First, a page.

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Lark's Lloyd Suh Inducted into New Dramatists

Playwrights’ Corner

We try not to toot our own horn here at The Lark. But in this case, what can we say...we're proud! On September 12, 2016, Lloyd Suh, playwright and Lark Director of Artistic Programs was inducted into the Resident Playwright Company at New Dramatists. His inductee speech was given by playwright, friend, and former Lark staffer, Matthew Paul Olmos. Read the full speech below! Congratulations, Lloyd!

I saw this scene in 2007, I hope Lloyd doesn’t cringe that I’m bout to read from it. In the scene, a regretful father speaks to his daughter on the side of the road; he says: “When you think of water, as a concept, what do you think about?  Practical uses?  Chemical equation of periodic elements?  No, you think texture.  Sensory recognition, feeling. What matters.  In this life and world.  Are feelings.  A wash of water, how it feels.  The love of a daughter, how that feels.  The regret of wasted time, and what that does to a man.”

That moment has stayed with me through the years. I’ll randomly think of it sometimes. Because Lloyd’s writing reaches me in a very human way; regardless if the play I’m watching is about the history within a Korean-American family, or the wild of Jesus while in India, or a murder mystery deconstruction of cultural stereotype. Lloyd has an intelligence to his writing that inspires me to be more intelligent. And the heart Lloyd writes with sends me home considering people and relationships in my life that I perhaps should give more attention to.

Lloyd is also a fierce advocate for writers at The Lark, where we used to work next to each other. He is meticulous there in making sure that each initiative is always guided by what a playwright needs, and much like New Dramatists, if a playwright needs something that hasn’t been done before, Lloyd will find a way. Thought at times, when Lloyd used to get stressed at Lark, he would crawl onto the floor and lay down underneath his desk.    

I asked some colleagues to give me a sentence or two about Lloyd:

From Mike Lew, “Lloyd's obsession with exploring the made-up construct of "Asian America" has sparked some dazzling plays and inspired a generation of writers to follow him, like a Korean Tom Sawyer who gets us all to paint a fence that doesn't exist.”

From Mona Monsour, “Lloyd as a writer is intrepid and fearless, and his plays take you to places you don't see coming, veering from the epic to the intimate in an instant.”

From Susan Stanton, “You think you are on a kind of fantastical journey, you are entertained, you are laughing your ass off. Then Lloyd does something, I don't know how, suddenly the entire story prisms, and it's about fatherhood, or the nature of home. His writing suddenly deepens into something incredibly poignant, unexpected, and the tears come. I do not know how he does it.”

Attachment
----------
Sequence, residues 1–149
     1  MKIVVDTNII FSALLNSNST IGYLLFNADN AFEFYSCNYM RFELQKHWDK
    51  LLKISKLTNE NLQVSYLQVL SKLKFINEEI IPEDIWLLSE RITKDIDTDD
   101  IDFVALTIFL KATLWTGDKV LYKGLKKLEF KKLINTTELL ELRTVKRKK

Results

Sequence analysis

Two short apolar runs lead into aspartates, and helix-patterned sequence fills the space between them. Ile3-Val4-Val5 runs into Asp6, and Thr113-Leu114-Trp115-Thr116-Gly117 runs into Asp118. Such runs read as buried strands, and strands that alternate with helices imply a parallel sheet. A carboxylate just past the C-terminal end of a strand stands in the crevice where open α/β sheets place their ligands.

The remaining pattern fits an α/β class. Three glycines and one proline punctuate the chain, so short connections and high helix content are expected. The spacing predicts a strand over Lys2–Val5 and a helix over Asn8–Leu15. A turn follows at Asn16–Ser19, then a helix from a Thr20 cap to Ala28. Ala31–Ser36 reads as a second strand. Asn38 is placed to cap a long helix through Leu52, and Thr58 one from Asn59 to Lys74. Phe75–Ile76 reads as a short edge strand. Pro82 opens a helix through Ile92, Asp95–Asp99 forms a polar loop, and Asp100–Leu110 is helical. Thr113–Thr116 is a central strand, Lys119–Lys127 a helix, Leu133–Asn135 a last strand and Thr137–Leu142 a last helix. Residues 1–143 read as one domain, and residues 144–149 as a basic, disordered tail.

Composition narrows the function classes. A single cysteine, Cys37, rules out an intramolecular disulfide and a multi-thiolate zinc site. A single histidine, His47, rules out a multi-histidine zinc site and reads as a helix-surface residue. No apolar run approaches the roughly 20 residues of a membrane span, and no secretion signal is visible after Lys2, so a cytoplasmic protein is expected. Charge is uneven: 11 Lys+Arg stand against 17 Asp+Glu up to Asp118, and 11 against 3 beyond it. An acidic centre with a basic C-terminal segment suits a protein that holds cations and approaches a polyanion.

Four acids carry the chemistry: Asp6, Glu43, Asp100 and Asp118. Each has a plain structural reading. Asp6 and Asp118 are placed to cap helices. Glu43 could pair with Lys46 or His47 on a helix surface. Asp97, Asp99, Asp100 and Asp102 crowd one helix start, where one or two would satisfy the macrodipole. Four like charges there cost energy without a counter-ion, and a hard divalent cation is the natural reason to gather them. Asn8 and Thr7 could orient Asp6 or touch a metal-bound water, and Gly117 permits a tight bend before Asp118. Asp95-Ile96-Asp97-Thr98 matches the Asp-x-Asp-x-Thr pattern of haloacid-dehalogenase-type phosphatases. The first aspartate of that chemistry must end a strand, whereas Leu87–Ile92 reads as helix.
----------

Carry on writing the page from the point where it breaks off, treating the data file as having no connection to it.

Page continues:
From John Eisner, “As a dramatist, Lloyd Suh transfigures what is most awkward about being human into experiences of profound dignity and truth. He writes about love and duty, about families and communities struggling to do what is just, and about people transforming their mundane lives into journeys of hope and possibility. His characters speak from the heart, which is what makes them so vulnerable - and, human, and funny - and why we see ourselves in them. Lloyd himself is wise as Yoda, charming as Fred Astaire, and playful as a teenager. Behind the sheepish grin, he is also sly and subversive, keeping us guessing, throwing us curves and surprises, replacing what we had come to expect with offbeat syncopation or a completely different beat. ”

From David Henry Hwang, "I'm always grateful for Lloyd's immense talent, his commitment to progressive change, and most of all, his plays, which crackle with wit, intelligence, and bold theatricality."

From Rajiv Joseph, “Look, for example, at Lloyd’s play Jesus in India. It has one foot in ancient mysticism, and another foot in sex, drugs and rock-n-roll. And there the play stands (as well as Lloyd himself) balanced, and at home, with the twin, human yearnings for enlightenment and weed.”

From Carla Ching, “Lloyd's combination of tender, funny, and incisive just wrecks me every time. He feels more for his characters than just about any playwright I've ever met. Which makes us feel more for them.”

From A. Rey Pamatmat, “Lloyd's plays present things I understand intellectually as things I can understand viscerally, so it's not just my mind that knows something must change or be repaired or demands examination — my whole body knows it.”

From Lucy Thurber, “A multi-layered kaleidoscope of character, philosophy, history, humor, politics, race, family and fun. He is brilliant, moving, inspiring, exciting and there is no one else like Lloyd Suh!"

From Andrea Thome, “I call Lloyd 'The Godfather.' Not only because he knows everything --and I owe him everything-- but because Lloyd, besides being a brilliant, always humane writer, has the ability to see the larger web, to see what people want and need and how they affect each other, and he's so fucking generous that he uses this dangerous knowledge for the good of his fellow writers. (For now). So I kiss his ring.” 

And from me, Lloyd, I’ve loved watching each of your new works throughout the years, and though I miss our times sitting at our desks at The Lark, looking out the window and talking about how what if standing there on top of one of the buildings was  Batman. I am so excited that you’ll now have a home in New Dramatists so you can stop laying underneath your Lark desk, and come lay on the couch here instead. Welcome!